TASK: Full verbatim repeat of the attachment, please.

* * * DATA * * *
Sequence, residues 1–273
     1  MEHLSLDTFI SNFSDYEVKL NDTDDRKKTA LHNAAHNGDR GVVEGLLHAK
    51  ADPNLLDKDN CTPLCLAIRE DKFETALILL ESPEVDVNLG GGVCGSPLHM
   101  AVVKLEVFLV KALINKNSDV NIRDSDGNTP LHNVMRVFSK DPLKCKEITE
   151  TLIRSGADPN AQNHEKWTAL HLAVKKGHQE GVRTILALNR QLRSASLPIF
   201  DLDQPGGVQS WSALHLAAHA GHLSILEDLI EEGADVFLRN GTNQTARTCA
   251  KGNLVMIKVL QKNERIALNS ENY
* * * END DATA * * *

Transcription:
Sequence, residues 1–273
     1  MEHLSLDTFI SNFSDYEVKL NDTDDRKKTA LHNAAHNGDR GVVEGLLHAK
    51  ADPNLLDKDN CTPLCLAIRE DKFETALILL ESPEVDVNLG GGVCGSPLHM
   101  AVVKLEVFLV KALINKNSDV NIRDSDGNTP LHNVMRVFSK DPLKCKEITE
   151  TLIRSGADPN AQNHEKWTAL HLAVKKGHQE GVRTILALNR QLRSASLPIF
   201  DLDQPGGVQS WSALHLAAHA GHLSILEDLI EEGADVFLRN GTNQTARTCA
   251  KGNLVMIKVL QKNERIALNS ENY